Set your priorities.

Can women have it all? Peluso’s answer depends on the definition of “all.” It’s helpful to set priorities that make it easier to navigate the line between work and home. As a mom, Peluso never misses certain events, including parent-teacher conferences, recitals, games, doctor appointments, and dinner at the table when she isn’t traveling for work. “If you [set priorities] and you take a long view, you can absolutely have it all. But that doesn’t come without tough days, tough weeks, tough months.”

Watch Keynote Address

Gayatri Narayan head shot

Gayatri Narayan

Senior Vice President of Digital Products and Services at PepsiCo

1. Relationships are invaluable.

It’s important to nurture relationships from the start and make sure they’re mutually beneficial. Set up your support groups, work hard to learn from them, and add your value to them.

2. Take risks to differentiate yourself.

This requires embracing a growth mindset. It’s important to invest in it, articulate it, and demonstrate it.

3. Effective communication is paramount.

Everything we do is based on communication, so be effective and precise to get your story across. Doing so will help you influence your stakeholders and allow you to negotiate meaningful impact in all that you do.

Tory Lewis-Bogatyrenko head shot

Victoria Lewis-Bogatyrenko, WG’94

Senior Vice President at UnitedHealth Networks

1. Bet on yourself.

Have confidence in who you are, choose the work that ignites your passions, and don’t hesitate to take on unchartered challenges. New opportunities are where you grow the most.

2. Invest in mentorship and allyship.

Grow and use your network, be both intentional and informal, and remember that networking after a layoff can be incredibly energizing. “If your network is strong, both the formal one and the informal one, those connections lead to new connections and new opportunities to explore where your career might take you,” said Lewis-Bogatyrenko, who said she was laid off early in her career.

3. The juggle is real.

Work-life balance is critical. Call on your own cavalry of experts, ask for what you need at work, and don’t opt out of career opportunities because it means restructuring your “home team.”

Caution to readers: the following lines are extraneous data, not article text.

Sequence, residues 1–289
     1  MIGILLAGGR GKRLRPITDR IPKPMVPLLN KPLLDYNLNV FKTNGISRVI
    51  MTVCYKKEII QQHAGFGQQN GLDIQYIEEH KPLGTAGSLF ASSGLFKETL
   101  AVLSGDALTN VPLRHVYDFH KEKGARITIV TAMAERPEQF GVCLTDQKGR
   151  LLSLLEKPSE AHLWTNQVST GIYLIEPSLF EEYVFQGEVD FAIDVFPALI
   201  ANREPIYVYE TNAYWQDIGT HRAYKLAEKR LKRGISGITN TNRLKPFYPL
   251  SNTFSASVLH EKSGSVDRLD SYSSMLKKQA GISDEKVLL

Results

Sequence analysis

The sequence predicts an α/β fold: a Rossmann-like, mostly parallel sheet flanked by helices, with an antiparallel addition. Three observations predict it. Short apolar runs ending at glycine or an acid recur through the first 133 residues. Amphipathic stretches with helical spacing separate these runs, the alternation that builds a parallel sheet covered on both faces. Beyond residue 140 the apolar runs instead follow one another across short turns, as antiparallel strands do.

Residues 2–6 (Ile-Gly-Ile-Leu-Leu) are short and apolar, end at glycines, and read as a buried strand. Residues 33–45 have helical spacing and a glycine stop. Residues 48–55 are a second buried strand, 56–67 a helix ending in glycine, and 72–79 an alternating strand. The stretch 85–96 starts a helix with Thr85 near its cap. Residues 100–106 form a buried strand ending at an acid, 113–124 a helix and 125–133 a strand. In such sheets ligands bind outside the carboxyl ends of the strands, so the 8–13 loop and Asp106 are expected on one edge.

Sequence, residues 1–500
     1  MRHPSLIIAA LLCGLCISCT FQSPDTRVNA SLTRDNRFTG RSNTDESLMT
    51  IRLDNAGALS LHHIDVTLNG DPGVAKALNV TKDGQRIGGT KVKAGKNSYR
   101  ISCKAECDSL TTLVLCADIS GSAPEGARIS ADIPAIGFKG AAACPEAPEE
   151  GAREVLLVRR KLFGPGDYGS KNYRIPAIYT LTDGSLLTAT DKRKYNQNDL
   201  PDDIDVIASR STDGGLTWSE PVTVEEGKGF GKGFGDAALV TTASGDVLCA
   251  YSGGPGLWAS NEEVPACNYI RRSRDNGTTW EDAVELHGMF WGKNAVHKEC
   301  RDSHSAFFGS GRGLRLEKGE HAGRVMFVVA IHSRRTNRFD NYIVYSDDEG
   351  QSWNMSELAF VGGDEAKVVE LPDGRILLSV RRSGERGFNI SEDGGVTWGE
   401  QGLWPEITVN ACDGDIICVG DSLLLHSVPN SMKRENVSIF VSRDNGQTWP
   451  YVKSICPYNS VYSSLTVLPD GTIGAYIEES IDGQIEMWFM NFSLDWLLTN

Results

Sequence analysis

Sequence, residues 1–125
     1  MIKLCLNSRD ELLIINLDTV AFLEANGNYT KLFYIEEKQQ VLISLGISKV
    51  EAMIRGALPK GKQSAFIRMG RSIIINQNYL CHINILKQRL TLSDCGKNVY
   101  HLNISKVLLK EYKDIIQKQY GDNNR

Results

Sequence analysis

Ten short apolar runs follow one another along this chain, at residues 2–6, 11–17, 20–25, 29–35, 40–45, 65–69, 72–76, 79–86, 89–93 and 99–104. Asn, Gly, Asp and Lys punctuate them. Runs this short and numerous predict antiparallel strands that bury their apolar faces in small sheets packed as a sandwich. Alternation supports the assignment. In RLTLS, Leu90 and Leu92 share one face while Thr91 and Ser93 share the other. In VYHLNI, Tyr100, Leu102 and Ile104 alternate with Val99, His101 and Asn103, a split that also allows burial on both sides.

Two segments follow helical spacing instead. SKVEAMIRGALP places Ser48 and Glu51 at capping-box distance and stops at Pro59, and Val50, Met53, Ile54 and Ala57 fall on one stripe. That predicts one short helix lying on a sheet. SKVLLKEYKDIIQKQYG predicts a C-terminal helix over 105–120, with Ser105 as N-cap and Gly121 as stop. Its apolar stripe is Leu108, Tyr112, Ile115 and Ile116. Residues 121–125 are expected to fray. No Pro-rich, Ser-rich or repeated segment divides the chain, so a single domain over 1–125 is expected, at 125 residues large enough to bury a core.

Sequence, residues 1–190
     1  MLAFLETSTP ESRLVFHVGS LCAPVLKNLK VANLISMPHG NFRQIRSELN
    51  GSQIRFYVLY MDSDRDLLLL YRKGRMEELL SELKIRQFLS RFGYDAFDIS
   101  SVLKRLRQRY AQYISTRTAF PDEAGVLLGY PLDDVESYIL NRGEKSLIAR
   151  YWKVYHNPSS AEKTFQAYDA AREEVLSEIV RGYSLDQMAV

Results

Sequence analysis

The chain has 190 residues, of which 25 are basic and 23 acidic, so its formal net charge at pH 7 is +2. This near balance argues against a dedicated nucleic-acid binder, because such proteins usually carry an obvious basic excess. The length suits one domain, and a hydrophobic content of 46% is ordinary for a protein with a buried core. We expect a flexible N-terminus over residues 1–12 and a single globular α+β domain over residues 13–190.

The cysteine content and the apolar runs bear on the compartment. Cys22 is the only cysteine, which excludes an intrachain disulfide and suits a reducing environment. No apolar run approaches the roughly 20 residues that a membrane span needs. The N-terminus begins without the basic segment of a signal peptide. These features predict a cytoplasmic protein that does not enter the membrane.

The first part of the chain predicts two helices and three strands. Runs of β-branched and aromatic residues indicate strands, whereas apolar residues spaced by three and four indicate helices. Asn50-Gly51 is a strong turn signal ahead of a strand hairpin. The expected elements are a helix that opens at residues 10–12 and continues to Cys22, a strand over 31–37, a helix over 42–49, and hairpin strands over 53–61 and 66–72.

Jenny Wolski head shot

Jenny Wolski

Senior Vice President of Retail Strategy and Experience at Petco

1. Be open.

Don’t be afraid of new opportunities. Listening, learning, and asking questions of people at every level will help you formulate great ideas and strategies for both your current job and long-term career goals.

2. Believe in yourself.

Wolski admits that it’s not easy. Everybody questions their decisions and their role in an organization. “But sometimes you have to fake it till you make it,” she said. “Start by talking to yourself like you would talk to your best friend and keep it up until you start to see you through other people’s eyes.”

3. Be you.

You are unique, with a story, strengths, and passions that set you apart from everyone else. Being true to yourself — even when it doesn’t seem to make sense — will always lead you down the right path in your career and in life.

Watch Industry Panel

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Women in Data Science (WiDS) @ Penn is an independent virtual event to coincide with the annual Global WiDS Conference held at Stanford University and an estimated 150+ organizations worldwide. All genders are invited to attend WiDS regional events, which emphasize the diversity of data science, both in subject matter and personnel. A celebrated interdisciplinary event, WiDS @ Penn will welcome academic, student, and industry speakers from across the data science landscape. WiDS @ Penn is co-hosted by Analytics at Wharton, Penn Engineering, Wharton Customer Analytics, and The Wharton Department of Statistics and Data Science.